Cait, Slanderyou tried to book a room in Sleazeland, unfortunately Landeryou (yes, you) had already booked out the hotel. Something about wanting to really sit around the house.

Also, I'm hearing Fatboy's got a thing against Filthia because she knocked him back.

What was he doing at Dracula's, anyway? Washing dishes? Or hanging around out the front with his camera? Top way to spend a Saturday night, Fatboy.

Poor Filthia's apparently given up smoking after being accosted on a break by a reportedly overweight, pale skinned, balding man with 'hygiene problems'. I've also heard unconfirmed reports Dracula's has upped security patrols after employee complaints about the 'creepy old guy hanging around outside'.

Wonder who they're referring to...

Anonymous said...

A compendium of cuttings for the true patriots of Team Slanderyou documenting Andy Landy’s finest moments:


Student union action pending
The Age April 23, 2005

The liquidator is closing in on runaway businessman Andrew
Landeryou. By David Elias and Leonie Wood.

Legal action against aspiring Labor politicians and operatives over the collapse of the Melbourne University Student Union may start within weeks.

The student union's liquidator, Dean McVeigh, told The Age he expected to retrieve more than $2 million for the University of Melbourne and other creditors, and would issue civil proceedings within weeks.

Runaway Melbourne businessman Andrew Landeryou, who appears high on the liquidator's hit list, may also face criminal charges if he returns.

A warrant was issued for Mr Landeryou's arrest in December after he failed to appear at a liquidator's examination in the Victorian Supreme Court to explain his involvement in the student union's affairs.

Authorities believe he left the country just before he was due in court and that he may be hiding in the United States.

Mr Landeryou's wife, former Melbourne City councillor Kimberley Kitching, filed for bankruptcy this week over a $3 million debt owed to one of Australia's richest men, retail tycoon Solomon Lew. The debt stemmed from Mr Lew's investment in a company controlled by Mr Landeryou.

Ms Kitching said she had not seen her husband since December 6 and did not know if he would return.

Mr Landeryou is the son of former state government minister Bill Landeryou, a leading union official and heavyweight figure in right-wing state Labor politics in the 1970s and '80s.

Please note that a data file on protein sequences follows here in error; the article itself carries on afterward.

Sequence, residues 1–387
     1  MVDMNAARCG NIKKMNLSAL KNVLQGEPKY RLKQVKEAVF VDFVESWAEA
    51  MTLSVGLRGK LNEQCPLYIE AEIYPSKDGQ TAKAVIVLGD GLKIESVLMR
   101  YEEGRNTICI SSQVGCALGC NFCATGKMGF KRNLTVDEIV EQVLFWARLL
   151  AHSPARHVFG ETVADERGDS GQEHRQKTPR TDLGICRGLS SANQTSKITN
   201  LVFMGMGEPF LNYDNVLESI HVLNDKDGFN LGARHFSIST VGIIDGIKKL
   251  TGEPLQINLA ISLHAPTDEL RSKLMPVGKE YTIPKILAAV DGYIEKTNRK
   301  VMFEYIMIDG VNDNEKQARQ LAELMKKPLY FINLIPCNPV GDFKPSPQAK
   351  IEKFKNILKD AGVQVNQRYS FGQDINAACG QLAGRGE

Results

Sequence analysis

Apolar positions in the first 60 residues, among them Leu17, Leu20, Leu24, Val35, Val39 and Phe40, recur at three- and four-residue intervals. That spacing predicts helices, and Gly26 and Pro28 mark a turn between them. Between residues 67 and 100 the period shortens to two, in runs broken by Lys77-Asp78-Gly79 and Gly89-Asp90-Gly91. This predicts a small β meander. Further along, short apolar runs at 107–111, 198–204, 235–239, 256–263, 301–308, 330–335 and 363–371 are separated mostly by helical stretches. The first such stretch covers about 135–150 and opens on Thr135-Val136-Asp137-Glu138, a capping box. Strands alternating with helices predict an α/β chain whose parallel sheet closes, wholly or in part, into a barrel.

Within weeks, Mr McVeigh may move to bankrupt Andrew Landeryou. The Bankruptcy Act bars debtors from leaving the country if they are trying to defeat or delay their creditors.

Mr McVeigh, an insolvency practitioner with Foremans Business Services, has been examining deals linked to former presidents and officials of the student union. Over 16 days of hearings, the court heard that Mr Landeryou was behind at least two controversial leasing deals struck between the union and private companies in the year before the union collapsed.

Mr McVeigh said he had referred to Victoria Police, matters including allegations of conspiracy to defraud, forgery, and obtaining an advantage by deception. He told the Court that his investigations had uncovered contracts being awarded without appropriate approvals, falsification of records, conflicts of interest, and possible impropriety in student elections.

He also said this week that he had concerns about possible breaches of the Corporations Act relating to the use of phoney directors and forged signatures. Mr McVeigh said he would initiate civil proceedings against key figures involved in the union's running. "I expect to recover more than $2 million," he said. "I have traced money to the end point, and a lot of it has returned to Melbourne. I know some is back in Melbourne."

Benjamin Cass, the union president in 2000 denied yesterday that there were any missing millions and predicted that civil proceedings would fail.

"To the best of my knowledge every contractor that has come under Mr McVeigh's scrutiny had properly gained its leases and/or payments for services based on the agreed procedures of the student union and its senior management team."

He attacked the liquidator's investigation as politically motivated and said this would come to light in any civil proceedings against former union leaders.

Mr McVeigh has previously investigated the failed empires of one-time textiles magnate Abe Goldberg, restaurateur Floyd Podgornik, Christopher Skase, Interwest and Bond Brewing.

"This insolvency has been difficult because what has been done has been systematic," he said. "It's almost a cultural corruption of the organisation, so we don't have one single person coming along and going, 'I will rip some money out of this'.

"It has required the co-operation of a large number of people."


The tycoon, the missing husband and the millions
The Age April 23, 2005

When runaway businessman Andrew Landeryou finally comes home he's going to have a lot to answer for, report Leonie Wood and David Elias.